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Early in the evening of 14 August, back in Delhi, Nehru’s ministers, the men and women who would form India’s first government, were blessed in Dr Rajendra Prasad’s garden. A Brahmin holy man intoned scriptures while they were anointed with holy water and the red vermilion dot, the Hindu ‘third eye’, was placed on their foreheads. Later that evening, as the clock approached midnight, they started to gather in the Constituent Assembly. Hundreds of thousands would join them outside. Kushwant Singh, who had been practising law in Lahore, had driven down the Grand Trunk Road to be there. He described it as the most ‘eerie’ drive he had ever had. The road was deserted. He did not see a soul, no traffic, no bullock carts and no people apart from jeeps full of armed Sikhs whom he assumed had been butchering Muslims. The atmosphere in Delhi was extraordinary. The crowd was enormous. People were yelling and there was a great feeling of enthusiasm and euphoria. Everyone was shouting Gandhi’s name; he was credited with bringing India to freedom, even though he was now hundreds of miles away in Calcutta. The celebrations were wild, even though half the population of Delhi was living on the pavements or in refugee camps. There was a huge upsurge of goodwill towards ‘the Brits’ with ‘stiff colonels lifted shoulder high and carried around the city’. Somehow everything the British had done in the past had been forgiven.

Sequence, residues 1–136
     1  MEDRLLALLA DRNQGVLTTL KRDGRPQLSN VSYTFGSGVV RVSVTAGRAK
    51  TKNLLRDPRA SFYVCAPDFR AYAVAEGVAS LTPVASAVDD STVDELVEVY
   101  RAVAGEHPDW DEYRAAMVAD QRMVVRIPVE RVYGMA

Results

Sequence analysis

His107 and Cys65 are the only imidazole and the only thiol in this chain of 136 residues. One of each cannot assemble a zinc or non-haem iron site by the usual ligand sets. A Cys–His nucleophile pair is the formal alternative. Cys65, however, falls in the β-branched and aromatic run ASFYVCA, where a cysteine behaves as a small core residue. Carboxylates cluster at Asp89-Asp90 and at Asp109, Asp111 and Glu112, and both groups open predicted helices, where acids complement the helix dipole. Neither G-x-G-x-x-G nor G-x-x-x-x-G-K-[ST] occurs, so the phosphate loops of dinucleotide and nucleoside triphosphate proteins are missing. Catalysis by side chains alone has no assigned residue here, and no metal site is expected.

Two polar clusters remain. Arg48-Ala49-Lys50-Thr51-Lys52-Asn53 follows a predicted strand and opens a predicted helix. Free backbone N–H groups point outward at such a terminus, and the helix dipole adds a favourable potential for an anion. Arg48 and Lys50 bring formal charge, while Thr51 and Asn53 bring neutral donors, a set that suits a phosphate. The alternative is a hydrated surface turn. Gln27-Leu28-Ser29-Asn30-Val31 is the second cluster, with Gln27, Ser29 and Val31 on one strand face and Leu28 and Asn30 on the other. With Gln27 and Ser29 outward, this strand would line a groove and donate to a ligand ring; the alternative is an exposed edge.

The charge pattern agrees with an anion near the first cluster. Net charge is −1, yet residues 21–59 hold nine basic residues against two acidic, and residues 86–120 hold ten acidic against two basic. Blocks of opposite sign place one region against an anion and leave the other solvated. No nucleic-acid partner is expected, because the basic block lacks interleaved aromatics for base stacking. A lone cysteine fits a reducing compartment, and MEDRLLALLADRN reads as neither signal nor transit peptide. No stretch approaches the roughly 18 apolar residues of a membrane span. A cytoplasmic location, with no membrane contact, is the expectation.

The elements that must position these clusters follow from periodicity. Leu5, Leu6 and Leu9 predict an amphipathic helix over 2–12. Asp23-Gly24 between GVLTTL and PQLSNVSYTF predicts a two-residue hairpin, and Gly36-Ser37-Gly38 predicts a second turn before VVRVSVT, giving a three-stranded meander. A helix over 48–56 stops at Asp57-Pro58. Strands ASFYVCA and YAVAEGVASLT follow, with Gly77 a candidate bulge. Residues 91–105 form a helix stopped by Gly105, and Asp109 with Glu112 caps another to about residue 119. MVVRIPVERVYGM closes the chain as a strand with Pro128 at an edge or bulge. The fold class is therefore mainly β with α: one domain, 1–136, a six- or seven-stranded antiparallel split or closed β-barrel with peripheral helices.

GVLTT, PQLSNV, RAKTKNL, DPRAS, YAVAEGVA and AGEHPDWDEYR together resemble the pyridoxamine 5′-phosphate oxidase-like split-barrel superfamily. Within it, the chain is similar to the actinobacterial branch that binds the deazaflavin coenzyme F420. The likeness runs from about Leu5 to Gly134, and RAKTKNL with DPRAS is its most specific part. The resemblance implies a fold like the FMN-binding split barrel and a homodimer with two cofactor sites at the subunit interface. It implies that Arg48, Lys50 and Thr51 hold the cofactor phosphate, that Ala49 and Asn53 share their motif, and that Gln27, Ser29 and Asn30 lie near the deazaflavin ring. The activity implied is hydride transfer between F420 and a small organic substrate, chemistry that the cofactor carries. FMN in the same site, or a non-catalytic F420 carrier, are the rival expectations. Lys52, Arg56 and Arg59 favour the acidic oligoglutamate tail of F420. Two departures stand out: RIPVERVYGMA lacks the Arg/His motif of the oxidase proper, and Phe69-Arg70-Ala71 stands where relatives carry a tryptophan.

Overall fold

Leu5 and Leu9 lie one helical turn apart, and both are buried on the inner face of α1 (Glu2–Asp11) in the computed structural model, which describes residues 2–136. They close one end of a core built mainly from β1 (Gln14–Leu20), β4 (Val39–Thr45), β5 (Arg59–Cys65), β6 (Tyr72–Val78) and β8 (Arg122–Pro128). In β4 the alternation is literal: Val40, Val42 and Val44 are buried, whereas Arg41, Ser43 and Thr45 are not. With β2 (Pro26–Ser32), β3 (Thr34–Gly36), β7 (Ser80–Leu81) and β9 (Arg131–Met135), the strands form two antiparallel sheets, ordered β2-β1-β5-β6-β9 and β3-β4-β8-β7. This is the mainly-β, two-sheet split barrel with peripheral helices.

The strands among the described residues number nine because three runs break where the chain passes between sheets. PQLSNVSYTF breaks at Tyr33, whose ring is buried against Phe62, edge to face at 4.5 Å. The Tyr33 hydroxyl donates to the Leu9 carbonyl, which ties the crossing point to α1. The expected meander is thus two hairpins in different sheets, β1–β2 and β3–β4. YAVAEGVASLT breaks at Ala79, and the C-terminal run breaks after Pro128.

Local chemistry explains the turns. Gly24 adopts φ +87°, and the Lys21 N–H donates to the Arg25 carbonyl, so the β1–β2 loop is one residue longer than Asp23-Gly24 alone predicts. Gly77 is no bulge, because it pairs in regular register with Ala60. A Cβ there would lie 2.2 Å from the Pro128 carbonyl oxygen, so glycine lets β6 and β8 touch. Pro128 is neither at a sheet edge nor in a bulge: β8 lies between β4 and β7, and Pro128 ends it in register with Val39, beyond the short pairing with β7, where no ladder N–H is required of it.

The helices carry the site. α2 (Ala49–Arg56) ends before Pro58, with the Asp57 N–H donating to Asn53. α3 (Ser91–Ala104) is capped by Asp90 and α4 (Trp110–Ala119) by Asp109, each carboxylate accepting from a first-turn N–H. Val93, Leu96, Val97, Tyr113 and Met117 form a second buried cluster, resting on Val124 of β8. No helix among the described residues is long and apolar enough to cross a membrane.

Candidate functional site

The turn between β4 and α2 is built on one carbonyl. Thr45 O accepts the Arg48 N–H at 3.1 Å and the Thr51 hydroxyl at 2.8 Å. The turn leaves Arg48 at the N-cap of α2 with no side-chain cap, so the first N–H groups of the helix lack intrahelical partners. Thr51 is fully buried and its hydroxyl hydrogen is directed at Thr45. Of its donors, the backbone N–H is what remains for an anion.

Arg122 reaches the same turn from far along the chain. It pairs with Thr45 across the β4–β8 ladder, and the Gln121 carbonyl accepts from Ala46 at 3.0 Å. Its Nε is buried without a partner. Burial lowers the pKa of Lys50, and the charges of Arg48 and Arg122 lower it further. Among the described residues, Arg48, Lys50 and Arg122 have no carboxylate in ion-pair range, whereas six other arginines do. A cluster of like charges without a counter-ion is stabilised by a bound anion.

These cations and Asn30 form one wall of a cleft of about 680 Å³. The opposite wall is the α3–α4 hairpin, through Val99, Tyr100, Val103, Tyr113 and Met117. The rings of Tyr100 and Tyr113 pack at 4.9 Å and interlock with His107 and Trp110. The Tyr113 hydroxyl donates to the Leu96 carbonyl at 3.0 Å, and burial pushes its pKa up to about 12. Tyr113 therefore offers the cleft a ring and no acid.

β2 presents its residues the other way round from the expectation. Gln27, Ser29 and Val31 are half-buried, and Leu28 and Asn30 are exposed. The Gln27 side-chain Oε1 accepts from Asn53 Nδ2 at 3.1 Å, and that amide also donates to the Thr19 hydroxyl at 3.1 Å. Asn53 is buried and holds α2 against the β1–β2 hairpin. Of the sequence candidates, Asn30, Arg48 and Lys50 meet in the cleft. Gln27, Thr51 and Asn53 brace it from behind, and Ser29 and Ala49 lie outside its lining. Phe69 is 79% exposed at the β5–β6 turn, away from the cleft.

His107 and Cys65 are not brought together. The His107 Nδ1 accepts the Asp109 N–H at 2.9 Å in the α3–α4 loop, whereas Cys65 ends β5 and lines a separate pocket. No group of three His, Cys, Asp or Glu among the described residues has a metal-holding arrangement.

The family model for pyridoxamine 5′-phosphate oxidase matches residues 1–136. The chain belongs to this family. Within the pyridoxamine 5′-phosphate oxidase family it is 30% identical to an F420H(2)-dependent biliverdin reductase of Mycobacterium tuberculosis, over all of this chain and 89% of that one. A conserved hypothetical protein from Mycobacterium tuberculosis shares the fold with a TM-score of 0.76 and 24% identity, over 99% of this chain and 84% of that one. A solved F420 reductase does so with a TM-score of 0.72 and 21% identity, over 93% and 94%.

Pages 209-223

Excerpted with permission from Simon & Schuster

Source: Financial Express